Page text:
FIFE Notes – October 2016

Best in Class

Most efficient experiments August – September 2016

The most efficient experiments on GPGrid that used more than 100,000 hours since August 1, 2016 were CDMS (99.15%) and LArIAT (98.53%)

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Most efficient big non-production users August – September 2016

The most efficient big non-production user on GPGrid who used more than 100,000 hours since August 1, 2016 was Tommaso Pajero with 99.1% efficiency.

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Experiment with the most opportunistic hours August–September 2016

The experiment with the most opportunistic hours on OSG between August 1, 2016 and September 30, 2016 was mu2e with 2,252,507 hours.

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Fifemon tips

Interested in seeing what the batch jobs for your SAM project are doing? Go to the SAM Project Summary dashboard and select your project name from the dropdown. 

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We recently introduced a User Overview dashboard, which shows you at a ... Read more


This newsletter is brought to you by:

  • Mine Altunay
  • Shreyas Bhat
  • Lisa Giacchetti
  • Ken Herner
  • Robert Illingworth
  • Mike Kirby
  • Art Kreymer
  • Tanya Levshina
  • Anna Mazzacane
  • Marc Mengel
  • Kevin Retzke
  • Andrew Romero
  • Jeny Teheran

We welcome articles you might want to submit. Please email fife-support@fnal.gov.

Feature Articles

DCAFI phase I close out and phase II prospective

The first phase of the Distributed Computing Access with Federated Identities (DCAFI) Project was successfully completed in August 2016. All Fermilab users and experiments have been transitioned to the new certificate service provided by CILogon Basic Certificate Authority (CA). Thanks to the hard work of FIFE support personnel and the DCAFI project team, all of the activities in Phase 1 were completed on schedule and with minimal impact to the VOs' scientific tasks. 

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Batch computing direct access to BlueArc ending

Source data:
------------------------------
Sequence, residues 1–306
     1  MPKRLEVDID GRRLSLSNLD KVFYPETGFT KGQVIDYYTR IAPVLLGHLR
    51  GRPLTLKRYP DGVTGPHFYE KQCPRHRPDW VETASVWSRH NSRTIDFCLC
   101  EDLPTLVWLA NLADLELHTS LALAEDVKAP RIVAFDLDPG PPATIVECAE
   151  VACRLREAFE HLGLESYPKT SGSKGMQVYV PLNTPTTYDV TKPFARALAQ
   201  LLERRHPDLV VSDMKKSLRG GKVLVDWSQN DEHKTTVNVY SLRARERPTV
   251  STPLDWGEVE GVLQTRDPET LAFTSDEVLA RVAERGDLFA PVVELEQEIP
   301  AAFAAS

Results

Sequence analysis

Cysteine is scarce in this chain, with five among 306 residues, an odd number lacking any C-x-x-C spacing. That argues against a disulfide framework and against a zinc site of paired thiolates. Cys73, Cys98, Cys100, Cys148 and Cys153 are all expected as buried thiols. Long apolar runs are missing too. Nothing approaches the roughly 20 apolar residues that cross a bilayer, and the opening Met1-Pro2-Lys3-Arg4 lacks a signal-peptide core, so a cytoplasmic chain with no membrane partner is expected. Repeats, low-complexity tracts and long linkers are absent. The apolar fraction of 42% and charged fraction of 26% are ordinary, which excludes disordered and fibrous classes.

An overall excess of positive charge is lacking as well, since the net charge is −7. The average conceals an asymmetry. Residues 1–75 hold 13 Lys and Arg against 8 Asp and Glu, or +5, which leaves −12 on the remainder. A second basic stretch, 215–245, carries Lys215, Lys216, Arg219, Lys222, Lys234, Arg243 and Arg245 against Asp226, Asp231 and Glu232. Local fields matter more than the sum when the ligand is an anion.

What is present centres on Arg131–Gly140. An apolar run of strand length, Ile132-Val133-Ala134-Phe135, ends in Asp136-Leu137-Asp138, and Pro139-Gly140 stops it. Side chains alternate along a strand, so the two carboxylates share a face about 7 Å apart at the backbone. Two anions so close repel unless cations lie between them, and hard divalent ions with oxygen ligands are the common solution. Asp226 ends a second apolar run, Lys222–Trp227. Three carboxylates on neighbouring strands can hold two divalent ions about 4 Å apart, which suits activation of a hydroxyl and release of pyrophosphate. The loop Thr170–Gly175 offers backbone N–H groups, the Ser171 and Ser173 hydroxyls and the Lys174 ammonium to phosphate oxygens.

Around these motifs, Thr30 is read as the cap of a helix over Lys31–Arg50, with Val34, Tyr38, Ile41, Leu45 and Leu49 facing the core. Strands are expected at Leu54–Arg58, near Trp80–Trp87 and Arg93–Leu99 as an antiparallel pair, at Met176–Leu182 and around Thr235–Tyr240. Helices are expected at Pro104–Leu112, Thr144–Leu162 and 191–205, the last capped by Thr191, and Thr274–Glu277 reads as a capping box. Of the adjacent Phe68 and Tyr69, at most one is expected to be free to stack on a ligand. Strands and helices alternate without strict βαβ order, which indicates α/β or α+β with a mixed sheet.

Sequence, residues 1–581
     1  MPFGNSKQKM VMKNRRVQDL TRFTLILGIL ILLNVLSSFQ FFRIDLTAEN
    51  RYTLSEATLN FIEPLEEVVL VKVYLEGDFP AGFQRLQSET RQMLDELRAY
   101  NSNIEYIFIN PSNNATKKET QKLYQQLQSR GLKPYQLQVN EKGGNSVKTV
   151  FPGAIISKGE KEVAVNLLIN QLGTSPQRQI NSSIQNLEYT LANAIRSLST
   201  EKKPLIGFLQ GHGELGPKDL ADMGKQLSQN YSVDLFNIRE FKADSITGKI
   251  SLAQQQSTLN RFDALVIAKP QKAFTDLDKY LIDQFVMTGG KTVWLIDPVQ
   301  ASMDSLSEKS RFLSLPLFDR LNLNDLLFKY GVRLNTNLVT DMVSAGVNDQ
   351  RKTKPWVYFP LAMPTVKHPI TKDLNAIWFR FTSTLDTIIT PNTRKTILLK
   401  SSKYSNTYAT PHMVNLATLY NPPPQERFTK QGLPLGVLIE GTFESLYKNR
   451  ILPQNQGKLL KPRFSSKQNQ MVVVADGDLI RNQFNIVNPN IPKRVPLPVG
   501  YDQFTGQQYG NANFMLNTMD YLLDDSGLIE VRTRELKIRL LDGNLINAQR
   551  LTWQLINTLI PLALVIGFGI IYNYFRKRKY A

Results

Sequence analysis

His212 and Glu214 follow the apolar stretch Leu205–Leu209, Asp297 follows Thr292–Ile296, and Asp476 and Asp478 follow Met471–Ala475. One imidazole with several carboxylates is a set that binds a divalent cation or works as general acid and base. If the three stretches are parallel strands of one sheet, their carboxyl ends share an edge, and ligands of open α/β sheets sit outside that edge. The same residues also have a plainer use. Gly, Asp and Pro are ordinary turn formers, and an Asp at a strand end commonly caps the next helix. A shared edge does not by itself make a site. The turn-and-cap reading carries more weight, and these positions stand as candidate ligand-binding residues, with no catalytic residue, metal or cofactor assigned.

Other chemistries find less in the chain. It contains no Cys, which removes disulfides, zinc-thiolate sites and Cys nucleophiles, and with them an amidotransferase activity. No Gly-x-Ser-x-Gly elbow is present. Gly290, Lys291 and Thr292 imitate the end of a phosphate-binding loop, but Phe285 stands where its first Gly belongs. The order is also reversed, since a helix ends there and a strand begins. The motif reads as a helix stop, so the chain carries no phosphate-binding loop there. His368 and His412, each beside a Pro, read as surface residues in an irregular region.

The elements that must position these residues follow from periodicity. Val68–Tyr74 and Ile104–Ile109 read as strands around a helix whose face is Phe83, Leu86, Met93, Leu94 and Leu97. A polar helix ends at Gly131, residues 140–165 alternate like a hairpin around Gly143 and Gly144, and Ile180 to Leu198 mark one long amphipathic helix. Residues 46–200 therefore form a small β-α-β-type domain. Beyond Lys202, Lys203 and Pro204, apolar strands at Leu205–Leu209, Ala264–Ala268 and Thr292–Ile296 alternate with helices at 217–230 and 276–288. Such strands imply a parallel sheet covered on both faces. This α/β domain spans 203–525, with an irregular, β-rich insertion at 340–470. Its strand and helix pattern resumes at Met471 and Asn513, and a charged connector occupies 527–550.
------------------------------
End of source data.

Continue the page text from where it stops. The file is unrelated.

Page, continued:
We discussed plans for unmounting the BlueArc data areas from Fermigrid worker nodes in the December 2015 issue of the FIFE Notes. As noted in that article, the overall data rates needed on Fermigrid exceed the capacity of the current BlueArc NFS servers. We are removing all access to the BlueArc /*/data and /*/ana areas from Fermigrid worker nodes. Both direct NFS mounts and access via Gridftp with ifdh cp will be removed. On request, we will retain the ifdh cp path for a limited, specified time during the transition. New experiments like Dune are being deployed to Fermigrid without worker node BlueArc data access. MINOS and MicroBooNE are unmounting their areas in October, with MINERVA following in November, and other experiments soon to be scheduled. Read more

POMS: handing control over to experiments

The Production Operations Management System (POMS) was initially developed for the OPOS group to help them effectively manage job submissions for multiple experiments.

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StashCache speeds up data access

StashCache is an OSG service that aims to provide more efficient access to certain types of data across the Grid. Most jobs end up copying their input files all the way from Fermilab every time they run, which can be slow and inefficient. In some cases, the files get reused multiple times – an example  of this is the flux files used as input to GENIE simulations, where each individual job uses a random sub-selection from the entire dataset. When these jobs run opportunistically on grid sites, they would be more efficient if the data could be fetched from somewhere close by. The StashCache project aims to help with this.

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News from ICHEP and CHEP

This past August saw a record number of physicists in Chicago for the International Conference on High Energy Physics. The 38th installment of this biannual conference featured several presentations by SCD members in not only the Computing and Data Handling track, but also in the Astroparticle, Detector R&D, Higgs, and Neutrino tracks. FIFE was especially ... Read more


Click here for archive of past FIFE notes.


About FIFE

 

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FIFE provides collaborative scientific-data processing solutions for Frontier Experiments.

FIFE takes the collective experience from current and past experiments to provide options for designing offline computing for experiments. It is not a mandate from Scientific Computing Division about how an experiment should or should not design their offline computing. FIFE is modular so experiments can take what they need, and new tools from outside communities can be incorporated as they develop.

Please click HERE for detailed documentation on the FIFE services and tools.